In the wake of the kick to the backside, administered a few years ago to a genre grown increasingly complacent, by a handful of uncompromising directors who spawned a mini-trend in new wave ‘extreme’ French horror, it hardly now comes as a surprise to see the current crop of Francophone entries finding it difficult to measure up alongside the likes of their influential predecessors, such as “Inside” or “Martyrs” -- films whose taboo-busting nastiness took the modern horror film about as far as it could go down that path, without playing to the Pavlovian spasms of moral disgust recently provoked by such delightful gems as “The Human Centipede” or “A Serbian Film”.
Writer-director Franck Richard is the latest new talent to try his hand though, and there is much to recommend his derivative but effective and well-made little debut cross-genre vehicle, “The Pack” (“La meute”). Richard’s film takes its moody, brooding ambience and uber-cool female punkette heroine-with-attitude from “Haute Tension”, while the mid-movie narrative left-turn, which comes about as a result of Richard’s knowing mash-up of horror sub-genres, is a trick taken straight from “Martyrs”. But the mere fact that “The Pack” is following diligently in such influential footsteps is the main reason Franck Richard almost certainly won’t be making anything like the same impact on the genre as Alexandre Aja and Pascal Laugier once did before him.
The film opens -- after the distinctive blood-red type set against black of the opening titles -- on a stark, wintery dawn: a single car traverses a narrow, semi-lit road dwindling its way through an isolated landscape; distant city lights blink dimly through a shroud of morning fog, and looming above the scene, emerging out of the grey flatness, wind turbines brood silently -- their blades churning in the gloom. The lone occupant of the car is Charlotte (Émilie Dequenne), a twenty-something punk chick on the road to nowhere, determined to drive ‘til her CD collection is exhausted, undisturbed by the lewd remarks of a gang of moronic greasers she encounters later that morning on one of many roadside truck-stops along her way. She picks up a silent but friendly hitch-hiker called Max (Benjamin Biolay) who later attempts to defend her when they’re attacked and threatened with sexual assault by the same greasy motorbike gang, this time at an even more rundown and isolated truck-stop-cum-junkyard, called La Spack, out in the wilds of the French countryside. The two are saved after the intervention of the rotund old woman with a receding chin after whom the rundown stop-off is named (Yolande Moreau), who sees the gang off with a double-barrelled rifle, threatening to ‘redecorate my lino with your ball juice!’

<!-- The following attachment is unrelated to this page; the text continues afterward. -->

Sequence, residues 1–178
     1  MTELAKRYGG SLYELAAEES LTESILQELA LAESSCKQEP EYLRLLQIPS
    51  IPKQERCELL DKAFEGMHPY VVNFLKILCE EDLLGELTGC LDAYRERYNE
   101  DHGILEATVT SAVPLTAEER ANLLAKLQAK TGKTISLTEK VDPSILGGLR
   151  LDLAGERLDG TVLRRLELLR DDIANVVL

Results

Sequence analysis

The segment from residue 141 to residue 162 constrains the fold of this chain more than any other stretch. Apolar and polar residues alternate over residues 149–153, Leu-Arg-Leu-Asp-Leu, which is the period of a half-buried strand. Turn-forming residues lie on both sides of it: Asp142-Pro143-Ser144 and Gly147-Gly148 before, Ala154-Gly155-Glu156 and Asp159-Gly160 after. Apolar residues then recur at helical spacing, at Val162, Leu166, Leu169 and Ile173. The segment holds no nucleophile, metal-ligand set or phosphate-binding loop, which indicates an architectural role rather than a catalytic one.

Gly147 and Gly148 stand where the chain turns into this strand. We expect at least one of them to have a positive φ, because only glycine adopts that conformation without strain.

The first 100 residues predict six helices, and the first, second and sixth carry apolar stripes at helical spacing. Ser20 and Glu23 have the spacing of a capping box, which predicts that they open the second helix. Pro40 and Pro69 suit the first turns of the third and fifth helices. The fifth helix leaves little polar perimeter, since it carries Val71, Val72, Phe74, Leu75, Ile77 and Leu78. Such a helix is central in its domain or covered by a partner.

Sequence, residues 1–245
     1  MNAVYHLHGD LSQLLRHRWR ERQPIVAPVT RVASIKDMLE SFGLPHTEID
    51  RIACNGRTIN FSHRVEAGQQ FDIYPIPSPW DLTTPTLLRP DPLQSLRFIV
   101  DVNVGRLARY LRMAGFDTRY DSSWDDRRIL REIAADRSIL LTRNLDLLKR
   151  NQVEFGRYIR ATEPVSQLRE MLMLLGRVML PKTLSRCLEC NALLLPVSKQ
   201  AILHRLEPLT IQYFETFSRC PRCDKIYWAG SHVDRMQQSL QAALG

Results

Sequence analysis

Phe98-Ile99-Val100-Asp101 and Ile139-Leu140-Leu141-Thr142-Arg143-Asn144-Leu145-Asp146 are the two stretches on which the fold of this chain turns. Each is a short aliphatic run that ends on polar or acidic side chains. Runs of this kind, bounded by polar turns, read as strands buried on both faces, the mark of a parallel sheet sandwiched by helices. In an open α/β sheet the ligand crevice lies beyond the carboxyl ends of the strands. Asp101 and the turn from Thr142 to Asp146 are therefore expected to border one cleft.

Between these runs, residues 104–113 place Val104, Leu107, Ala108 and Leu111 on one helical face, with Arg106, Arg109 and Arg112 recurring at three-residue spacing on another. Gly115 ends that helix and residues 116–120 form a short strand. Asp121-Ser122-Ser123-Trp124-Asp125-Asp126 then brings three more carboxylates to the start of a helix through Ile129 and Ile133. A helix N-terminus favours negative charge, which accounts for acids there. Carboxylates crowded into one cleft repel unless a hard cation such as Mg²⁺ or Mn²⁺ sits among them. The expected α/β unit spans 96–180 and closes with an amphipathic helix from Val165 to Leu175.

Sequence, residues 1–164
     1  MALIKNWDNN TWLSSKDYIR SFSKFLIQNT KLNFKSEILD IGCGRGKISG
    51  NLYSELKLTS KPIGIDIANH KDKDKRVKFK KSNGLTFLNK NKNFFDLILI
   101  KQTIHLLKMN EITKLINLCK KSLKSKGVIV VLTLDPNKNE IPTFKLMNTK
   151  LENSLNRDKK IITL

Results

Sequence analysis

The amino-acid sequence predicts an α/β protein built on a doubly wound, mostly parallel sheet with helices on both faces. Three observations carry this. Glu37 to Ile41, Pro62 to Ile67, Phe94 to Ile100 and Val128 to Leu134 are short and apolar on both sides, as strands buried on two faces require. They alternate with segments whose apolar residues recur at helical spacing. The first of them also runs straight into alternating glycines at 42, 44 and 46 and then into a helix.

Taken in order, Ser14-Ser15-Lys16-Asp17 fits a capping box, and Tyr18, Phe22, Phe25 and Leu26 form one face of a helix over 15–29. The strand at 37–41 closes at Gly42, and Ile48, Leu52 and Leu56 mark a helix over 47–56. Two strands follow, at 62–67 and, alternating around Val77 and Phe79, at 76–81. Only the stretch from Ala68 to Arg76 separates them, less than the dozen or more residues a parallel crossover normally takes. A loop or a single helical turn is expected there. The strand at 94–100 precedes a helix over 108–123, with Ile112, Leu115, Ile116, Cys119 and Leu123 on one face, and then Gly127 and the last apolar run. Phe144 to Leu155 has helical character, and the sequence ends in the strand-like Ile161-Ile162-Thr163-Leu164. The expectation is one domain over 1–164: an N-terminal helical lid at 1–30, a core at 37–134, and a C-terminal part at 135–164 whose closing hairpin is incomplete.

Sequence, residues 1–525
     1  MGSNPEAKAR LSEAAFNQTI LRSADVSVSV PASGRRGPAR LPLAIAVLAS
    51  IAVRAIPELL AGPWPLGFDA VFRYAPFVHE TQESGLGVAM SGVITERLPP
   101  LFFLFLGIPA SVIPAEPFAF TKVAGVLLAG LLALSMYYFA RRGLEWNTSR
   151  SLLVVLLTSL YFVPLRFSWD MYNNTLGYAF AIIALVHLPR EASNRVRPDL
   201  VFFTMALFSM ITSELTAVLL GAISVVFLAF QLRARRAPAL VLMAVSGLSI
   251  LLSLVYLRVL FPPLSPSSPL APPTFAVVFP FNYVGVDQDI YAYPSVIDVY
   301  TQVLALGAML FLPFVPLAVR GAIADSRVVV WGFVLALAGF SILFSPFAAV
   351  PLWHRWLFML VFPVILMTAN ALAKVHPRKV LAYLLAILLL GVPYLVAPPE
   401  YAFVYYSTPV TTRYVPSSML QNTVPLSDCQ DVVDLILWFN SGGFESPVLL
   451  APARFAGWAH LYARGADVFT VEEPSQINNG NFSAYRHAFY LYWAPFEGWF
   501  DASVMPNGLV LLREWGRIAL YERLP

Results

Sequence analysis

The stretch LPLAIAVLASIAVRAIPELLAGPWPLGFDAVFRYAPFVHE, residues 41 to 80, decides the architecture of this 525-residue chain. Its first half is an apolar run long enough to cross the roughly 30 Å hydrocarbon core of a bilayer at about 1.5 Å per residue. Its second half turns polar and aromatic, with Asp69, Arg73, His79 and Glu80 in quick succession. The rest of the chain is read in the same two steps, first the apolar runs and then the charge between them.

Max disappears to the bathroom, but strangely doesn’t return for hours. Charlotte waits … and waits, but when she finally investigates, he’s nowhere to be found, with no obvious exit discernable apart from a sealed-off doorway leading somewhere into the interior of La Spack’s house. Charlotte waits until nightfall and then breaks back into the closed establishment to investigate … only to stumble into a nightmare of imprisonment, torture and a macabre horror even worse than anything she could have ever imagined!
The murky countryside setting, the stark atmospheric photography of cinematographer Laurent Barès and a gritty, threatening mood of isolation and desolation encouraged by Richard’s terse screenplay, certainly set us on our guard at the outset for yet another Gallic foray into extreme “Frontiers” backwoods imprisonment country. The “Texas Chainsaw Massacre” references are present and correct and very deliberately situated to attract our attention once Charlotte enters the darkened interiors that lurk behind the scenes of the dingy truck-stop: from a large freezer cabinet out of which we might reasonably expect a trussed-up body to spring, to the moment later on when the captive protagonist witnesses her chief tormentor slamming shut a heavy sheet-metal door, a la Leatherface, from her dank iron cage.